Misrepresentation By A Child Day Care Provider: NY Penal Law § 260.34

by ECL Writer
Predatory Sexual Assault Against a Child: NY Penal Law 130.96

What Does It Mean To Give Misrepresentations In Childcare?

A childcare misrepresentation occurs when a person or organization working in childcare gives others who would be interested in learning such information misleading information about the services or other crucial information. Additionally, omitting important details may be construed as a misrepresentation.


Here are a few ways that a person can provide a misrepresentation in childcare.

  • A child daycare center advertises that its daycare has a perfect safety record when, in reality, it has had several serious safety violations and incidents involving young children.
  • A daycare worker does not inform parents that if an infant is experiencing pain from teething, they are automatically given Tylenol.
  • A daycare provider fails to disclose an employee has a criminal child abuse record.
  • A daycare center that has a large pool out back states that only children over ten years old will be able to use the pool or be near the pool area. However, in reality, the daycare has teachers bring out smaller children to enjoy being around the pool.
  • A daycare states that all children will sleep in specially designed and federally approved cribs. However, the cribs were certified over ten years ago, and both the certification and the expiration date of the crib have passed.
  • A person seeking to obtain a childcare position from a couple lies that she has ten years of childcare experience when, in reality, she has only two. 
  • A daycare center states that all of their workers are licensed by the state when only two of ten individuals actually are licensed, daycare providers.

There are other methods than these for someone to falsify anything in childcare. Childcare misrepresentations are most likely to occur when a daycare or daycare provider makes a claim that is inaccurate, misleading or conceals information that a reasonable person would wish to know.

Misrepresentation By A Child Day Care Provider In New York

In New York, there are special laws designed to protect those who are vulnerable. People who are vulnerable include children as well as the elderly, those who are mentally incompetent, and those who are physically disabled. Under New York Penal Law § 260.34 you could be prosecuted for endangering the welfare of a vulnerable elderly person in the first degree if you are a caregiver, and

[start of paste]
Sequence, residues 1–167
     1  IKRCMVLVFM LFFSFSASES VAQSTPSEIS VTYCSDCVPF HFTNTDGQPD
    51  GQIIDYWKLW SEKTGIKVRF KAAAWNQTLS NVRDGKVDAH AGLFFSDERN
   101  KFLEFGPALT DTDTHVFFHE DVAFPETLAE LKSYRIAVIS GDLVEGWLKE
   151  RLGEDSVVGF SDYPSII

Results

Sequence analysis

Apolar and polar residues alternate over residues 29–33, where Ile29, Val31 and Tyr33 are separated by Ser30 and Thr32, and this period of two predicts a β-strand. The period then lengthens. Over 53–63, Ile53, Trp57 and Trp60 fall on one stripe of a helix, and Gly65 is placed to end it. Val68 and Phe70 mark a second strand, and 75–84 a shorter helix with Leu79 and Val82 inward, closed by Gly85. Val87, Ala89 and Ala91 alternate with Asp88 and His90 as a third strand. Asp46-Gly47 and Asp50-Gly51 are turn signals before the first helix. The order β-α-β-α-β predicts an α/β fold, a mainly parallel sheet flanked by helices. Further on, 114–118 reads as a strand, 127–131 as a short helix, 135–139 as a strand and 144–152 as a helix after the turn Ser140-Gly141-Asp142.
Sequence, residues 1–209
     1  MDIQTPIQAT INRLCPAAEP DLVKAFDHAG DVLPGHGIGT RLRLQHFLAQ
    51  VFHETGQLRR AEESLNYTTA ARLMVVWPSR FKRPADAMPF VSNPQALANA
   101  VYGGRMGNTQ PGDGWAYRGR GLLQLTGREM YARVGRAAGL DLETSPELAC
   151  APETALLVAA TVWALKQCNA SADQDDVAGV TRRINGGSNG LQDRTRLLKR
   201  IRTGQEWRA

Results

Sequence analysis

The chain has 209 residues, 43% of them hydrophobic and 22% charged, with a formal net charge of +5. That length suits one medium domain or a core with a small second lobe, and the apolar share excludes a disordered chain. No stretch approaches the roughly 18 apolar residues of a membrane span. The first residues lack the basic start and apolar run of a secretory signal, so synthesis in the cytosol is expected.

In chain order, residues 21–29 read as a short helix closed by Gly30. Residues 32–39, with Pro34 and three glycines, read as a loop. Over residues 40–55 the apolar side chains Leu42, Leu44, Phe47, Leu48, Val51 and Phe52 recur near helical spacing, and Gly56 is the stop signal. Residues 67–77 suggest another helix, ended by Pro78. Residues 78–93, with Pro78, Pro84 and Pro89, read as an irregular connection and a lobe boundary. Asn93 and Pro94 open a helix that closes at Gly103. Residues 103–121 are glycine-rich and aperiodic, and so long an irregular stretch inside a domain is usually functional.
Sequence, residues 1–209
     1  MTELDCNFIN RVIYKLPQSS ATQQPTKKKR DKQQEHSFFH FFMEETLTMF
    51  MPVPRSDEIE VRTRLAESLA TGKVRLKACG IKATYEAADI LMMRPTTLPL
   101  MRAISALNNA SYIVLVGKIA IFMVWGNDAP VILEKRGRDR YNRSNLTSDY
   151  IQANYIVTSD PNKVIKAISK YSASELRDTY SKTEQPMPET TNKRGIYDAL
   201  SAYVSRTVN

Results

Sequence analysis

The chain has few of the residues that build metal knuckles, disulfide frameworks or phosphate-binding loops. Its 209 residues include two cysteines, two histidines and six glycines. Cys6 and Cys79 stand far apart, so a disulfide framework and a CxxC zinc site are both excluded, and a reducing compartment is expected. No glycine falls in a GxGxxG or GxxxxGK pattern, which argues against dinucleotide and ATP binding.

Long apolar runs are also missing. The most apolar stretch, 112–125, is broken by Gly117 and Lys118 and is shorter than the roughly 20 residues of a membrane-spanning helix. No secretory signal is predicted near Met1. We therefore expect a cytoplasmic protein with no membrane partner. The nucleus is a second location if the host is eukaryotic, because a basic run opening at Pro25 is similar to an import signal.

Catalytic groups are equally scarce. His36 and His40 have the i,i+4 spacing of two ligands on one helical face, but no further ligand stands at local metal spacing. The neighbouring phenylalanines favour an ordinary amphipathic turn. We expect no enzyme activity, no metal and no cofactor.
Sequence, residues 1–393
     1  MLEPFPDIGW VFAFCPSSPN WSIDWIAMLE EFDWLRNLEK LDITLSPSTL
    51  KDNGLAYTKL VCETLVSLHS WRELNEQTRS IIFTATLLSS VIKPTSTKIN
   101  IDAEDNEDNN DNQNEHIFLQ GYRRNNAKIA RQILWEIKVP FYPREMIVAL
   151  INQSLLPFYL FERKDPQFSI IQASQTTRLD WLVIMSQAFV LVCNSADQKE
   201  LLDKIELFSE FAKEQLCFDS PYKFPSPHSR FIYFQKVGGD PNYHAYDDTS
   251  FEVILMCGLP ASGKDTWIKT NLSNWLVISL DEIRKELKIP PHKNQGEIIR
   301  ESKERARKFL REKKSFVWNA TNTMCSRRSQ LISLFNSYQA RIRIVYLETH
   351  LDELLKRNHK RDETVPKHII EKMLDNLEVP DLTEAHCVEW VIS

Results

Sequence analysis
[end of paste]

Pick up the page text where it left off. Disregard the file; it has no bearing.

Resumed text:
• With intent to cause physical injury to that person, you cause serious physical injury, or
  • You recklessly cause that person serious physical injury.


A class D felony qualifies as endangering the welfare of an incompetent or physically challenged person in the first degree. If you are found guilty, you might receive a sentence of up to 7 years in jail, 5 years on probation, and a large fine.


You can only be found guilty under this legislation if the prosecution can demonstrate that you acted intentionally or carelessly. According to New York Penal Law 15.05(3), you would have engaged in reckless behavior if you knew that your actions would cause a certain amount of harm but chose to act in that way. You did not break the law if the old person suffered substantial physical harm but it was not your purpose and you did not behave recklessly.

In addition, a substantial physical injury, not merely a physical injury, must have been sustained by the older person in order for them to be found guilty under this provision. A major bodily injury poses a risk to life. A first-degree charge of endangering the welfare of a vulnerable old person would not be justified if the injury was not severe.

New York Penal Law § 260.34: Endangering The Welfare Of A Vulnerable Elderly Person, Or An Incompetent Or Physically Disabled Person First-Degree

When providing care for an aged person who is vulnerable, a person is guilty of harming their welfare in the first degree if they:

  • With intent to cause physical injury to such person, he or she causes serious physical injury to such person; or
  • He or she recklessly causes serious physical injury to such person.

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